NEW YORK (CNN/Money) -
A rally in Martha Stewart Living Omnimedia went from sizzle to fizzle Monday as investors sobered following last week's news that Martha Stewart would not be going to jail anytime soon.
Shares in the lifestyle publishing and retail company sank as much as 8 percent and Martha Stewart Living Omnimedia (MSO: Research, Estimates) closed at $10.94, down more than 7 percent from Friday's close.
The muted trading came amid a broader sell-off in stocks as investors fretted over a 3M earnings forecast that disappointed Wall Street.
The drop in MSO's stock price comes three days after a federal judge in Manhattan gave Stewart a 10-month sentence -- five months in prison and five months of home detention -- for lying during an insider trading investigation into some of her personal stock sales. The punishment was the lightest the court could give under federal sentencing rules.
In response, investors ignited a rally that saw company shares soar 37 percent Friday, to $11.81. In pre-market trading Monday, MSO stock hovered above $12 before sinking fast soon after the bell.
Monday's fall-off seemed to confirm predictions that last week's run-up in Martha Stewart Living Omnimedia stock would be short-lived. Several analysts and consultants bemoaned the lack of closure in her legal case, noting that Stewart's freedom in the short-term cannot mask the fact that her personal troubles have hurt her company and will continue to do so until they get resolved for good.
"The best thing for Martha Stewart Living Omnimedia as it attempts to win back advertisers is to have Ms. Stewart's legal issues out of the headlines," Alissa Goldwasser, a research analyst with William Blair & Company told clients Friday. "Conditions that could prolong the media frenzy will likely delay any potential turnaround for the company."
Martha Stewart's company has suffered along with its founder's legal woes. Advertisers have fled the flagship Martha Stewart Living magazine, contributing to a larger-than-expected drop in first-quarter earnings. The company is due to release second-quarter earnings next month.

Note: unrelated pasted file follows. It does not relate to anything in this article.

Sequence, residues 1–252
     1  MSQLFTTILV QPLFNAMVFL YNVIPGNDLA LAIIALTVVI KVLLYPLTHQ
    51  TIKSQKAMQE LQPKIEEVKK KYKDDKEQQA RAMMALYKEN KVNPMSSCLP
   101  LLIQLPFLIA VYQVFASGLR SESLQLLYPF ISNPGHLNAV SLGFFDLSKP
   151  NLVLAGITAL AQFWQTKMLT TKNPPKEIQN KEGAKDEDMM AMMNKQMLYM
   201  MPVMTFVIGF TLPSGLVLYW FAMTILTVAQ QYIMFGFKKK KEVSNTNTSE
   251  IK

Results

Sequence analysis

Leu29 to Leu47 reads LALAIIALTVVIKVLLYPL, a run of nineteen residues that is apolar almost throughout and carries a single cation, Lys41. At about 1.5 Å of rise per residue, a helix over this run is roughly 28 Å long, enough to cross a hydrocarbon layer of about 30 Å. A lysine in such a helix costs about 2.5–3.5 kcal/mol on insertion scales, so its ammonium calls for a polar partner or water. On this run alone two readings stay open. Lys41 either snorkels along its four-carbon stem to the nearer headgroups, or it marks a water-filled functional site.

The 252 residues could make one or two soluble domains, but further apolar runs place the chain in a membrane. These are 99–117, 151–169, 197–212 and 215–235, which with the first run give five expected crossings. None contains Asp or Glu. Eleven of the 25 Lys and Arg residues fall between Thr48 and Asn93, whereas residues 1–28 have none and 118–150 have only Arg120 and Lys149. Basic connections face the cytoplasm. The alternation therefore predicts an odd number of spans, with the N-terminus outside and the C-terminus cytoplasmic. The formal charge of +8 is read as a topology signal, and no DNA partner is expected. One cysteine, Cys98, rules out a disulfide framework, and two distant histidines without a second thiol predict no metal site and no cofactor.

For now, Stewart, 62, is not heeding any advice about keeping a low-profile. In an appearance with Barbara Walters on "20/20" Friday night, Stewart likened her court battle to the persecution Nelson Mandela suffered under South Africa's Apartheid regime. Tonight Stewart will conduct her first and only live interview on CNN's "Larry King Live."
Whether Stewart's public defiance will pay off in the end won't be known for a while. In the meantime, analysts will be paying close attention to looming measures of MSO's health.
One are second-quarter earnings, due out in August. Analysts polled by Thomson First Call are expected a loss of 32 cents a share for the current quarter, compared with a loss of 41 cents in the first quarter and a profit of 2 cents a share in the year-ago quarter.
Another key barometer will be the publishing industry's annual advertising sales season, which begins later this month and lasts through early fall. This is when publishers sign up ad deals for the coming year.
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"The company now has to prove itself," said Jack Myers, an independent media analyst and publisher of a daily industry newsletter.
It has an uphill climb. Despite Friday's run-up, company shares are trading far below their $19-$20 range of the months before Stewart was indicted two years ago.
MSO shares reached a closing price of $14 on the eve of Stewart's March 5 conviction.